Socialist Worker

How the West moved to hijack Libya’s revolt

The West’s involvement in Libya has been presented as a successful example of "humanitarian intervention". Socialist Worker explains why that is not the case

Issue No. 2267

Did Nato launch airstrikes to stop a massacre?

Britain, France and the US sent their bombers to Libya because the Arab Spring threatens their domination of the Middle East and North Africa. They hope their military action will allow them to control future revolts, and divert attention away from the West’s bloody history in the region.

As rebellions toppled pro-Western dictators in Tunisia and Egypt, Western rulers switched their strategy away from defending tyrants that seemed likely to fall. Instead they sought to control the revolutions.

In Libya that meant making the revolt dependent on Nato air power.

Saving civilian lives does not motivate Western powers, which is why Nato planes are not dropping food and medicines for the millions who are starving in East Africa.

Unlike Iraq, this war was backed by the United Nations (UN). Doesn’t that make a difference?

The UN is a club for the world’s elite that does not represent the ordinary people of any nation. Western powers dominate its powerful Security Council.

Global superpowers, governments, and Middle East tyrants all fear popular rebellion. Just because they voted to make the war “legal” doesn’t mean that it is any less wrong than the wars in Iraq and Afghanistan.

Did Western bombing help the revolution win?

In the early phase of the Libyan revolt the military was splitting apart and refusing to carry out orders. When the rebellion hit an impasse, Nato stepped in claiming only it could defend rebel areas from attack by Gaddafi’s forces.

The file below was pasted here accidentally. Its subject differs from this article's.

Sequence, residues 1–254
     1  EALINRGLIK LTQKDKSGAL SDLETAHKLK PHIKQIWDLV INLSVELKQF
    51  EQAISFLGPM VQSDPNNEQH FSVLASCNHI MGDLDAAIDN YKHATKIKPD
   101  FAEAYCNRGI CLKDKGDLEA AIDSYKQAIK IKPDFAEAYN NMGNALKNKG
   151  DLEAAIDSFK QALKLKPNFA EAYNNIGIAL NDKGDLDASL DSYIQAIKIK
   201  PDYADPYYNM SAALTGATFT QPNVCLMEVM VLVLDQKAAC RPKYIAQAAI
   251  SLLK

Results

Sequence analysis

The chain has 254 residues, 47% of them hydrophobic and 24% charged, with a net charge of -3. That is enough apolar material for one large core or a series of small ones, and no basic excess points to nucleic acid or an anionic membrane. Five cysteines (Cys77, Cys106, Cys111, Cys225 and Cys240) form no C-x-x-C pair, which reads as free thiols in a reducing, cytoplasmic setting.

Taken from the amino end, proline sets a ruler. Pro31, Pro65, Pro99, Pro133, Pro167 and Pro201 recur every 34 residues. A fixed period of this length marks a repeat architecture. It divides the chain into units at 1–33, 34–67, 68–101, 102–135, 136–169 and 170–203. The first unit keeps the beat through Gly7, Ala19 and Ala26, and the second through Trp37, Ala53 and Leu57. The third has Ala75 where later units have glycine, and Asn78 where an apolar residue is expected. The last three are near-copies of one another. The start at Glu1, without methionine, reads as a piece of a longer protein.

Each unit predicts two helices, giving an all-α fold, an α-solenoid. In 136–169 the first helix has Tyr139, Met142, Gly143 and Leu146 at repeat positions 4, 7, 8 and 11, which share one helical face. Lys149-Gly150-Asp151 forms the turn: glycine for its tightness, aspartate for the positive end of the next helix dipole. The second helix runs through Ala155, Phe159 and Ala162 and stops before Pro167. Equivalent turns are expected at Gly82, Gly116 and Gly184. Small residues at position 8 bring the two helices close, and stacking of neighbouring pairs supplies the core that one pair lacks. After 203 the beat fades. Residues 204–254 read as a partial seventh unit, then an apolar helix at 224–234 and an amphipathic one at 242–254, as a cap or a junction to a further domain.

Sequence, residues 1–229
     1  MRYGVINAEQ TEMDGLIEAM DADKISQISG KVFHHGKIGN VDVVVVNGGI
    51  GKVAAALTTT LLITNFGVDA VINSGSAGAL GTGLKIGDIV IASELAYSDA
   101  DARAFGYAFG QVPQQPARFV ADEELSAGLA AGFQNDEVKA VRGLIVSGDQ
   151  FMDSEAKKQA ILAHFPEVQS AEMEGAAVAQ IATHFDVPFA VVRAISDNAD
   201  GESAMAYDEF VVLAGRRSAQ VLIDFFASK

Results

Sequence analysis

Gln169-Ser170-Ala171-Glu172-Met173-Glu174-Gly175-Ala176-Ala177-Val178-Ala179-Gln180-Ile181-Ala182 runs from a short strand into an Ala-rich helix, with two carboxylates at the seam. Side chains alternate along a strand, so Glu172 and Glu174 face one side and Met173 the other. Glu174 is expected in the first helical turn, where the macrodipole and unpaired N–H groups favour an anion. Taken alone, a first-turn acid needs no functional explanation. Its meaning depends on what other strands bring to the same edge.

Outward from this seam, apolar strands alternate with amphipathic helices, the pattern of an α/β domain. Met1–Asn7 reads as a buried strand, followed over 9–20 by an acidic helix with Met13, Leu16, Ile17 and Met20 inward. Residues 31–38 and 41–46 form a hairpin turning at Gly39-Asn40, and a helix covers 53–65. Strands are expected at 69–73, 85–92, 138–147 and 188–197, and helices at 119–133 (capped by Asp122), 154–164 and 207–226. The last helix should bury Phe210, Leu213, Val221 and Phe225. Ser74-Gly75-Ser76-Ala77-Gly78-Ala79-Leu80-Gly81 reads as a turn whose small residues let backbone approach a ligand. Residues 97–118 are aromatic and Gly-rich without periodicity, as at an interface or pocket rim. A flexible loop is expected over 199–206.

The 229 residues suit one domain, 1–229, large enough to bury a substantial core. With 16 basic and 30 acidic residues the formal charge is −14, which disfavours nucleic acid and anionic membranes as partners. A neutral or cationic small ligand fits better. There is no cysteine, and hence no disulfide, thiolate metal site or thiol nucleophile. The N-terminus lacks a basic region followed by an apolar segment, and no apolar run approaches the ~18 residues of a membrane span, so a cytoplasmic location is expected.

But from the very beginning of its intervention Nato went further and sought to smash the Libyan armed forces.

Nato attacks allowed Gaddafi to put on a cloak of anti-imperialism and claim that the revolt against him was a Western “crusade”.

Nato’s air war slowed down the disintegration of the armed forces as many soldiers felt it was their duty to protect Libya from foreign domination.

Caught in a stalemate, and in increasing need of outside support to make a breakthrough, the Libyan Transitional National Council (TNC) has bent itself to Western demands to honour trade and oil contracts.

As a result, the revolt was distorted.

Nato’s airpower may have helped destroy Gaddafi’s armed forces. But by allowing foreign powers and big energy companies to play this role the TNC has betrayed the struggle that so many rebels sacrificed their lives for.

Will toppling Gaddafi lead to more Western intervention?

Our leaders hope that their “success” in Libya will help shake off public anger at the disasters of Afghanistan and Iraq. They want the freedom to use their military muscle as they see fit—and that could mean more conflicts.

But the revolt in Libya is far from complete. If the country were to degenerate into fighting among rival tribes and rebels, few in the West would welcome fresh intervention elsewhere.

The ousting of Gaddafi could cause the West new problems if it inspires the Arab Spring to spread.

If that were to happen, Nato’s strategy of seeking to control the revolutions through military action could backfire.


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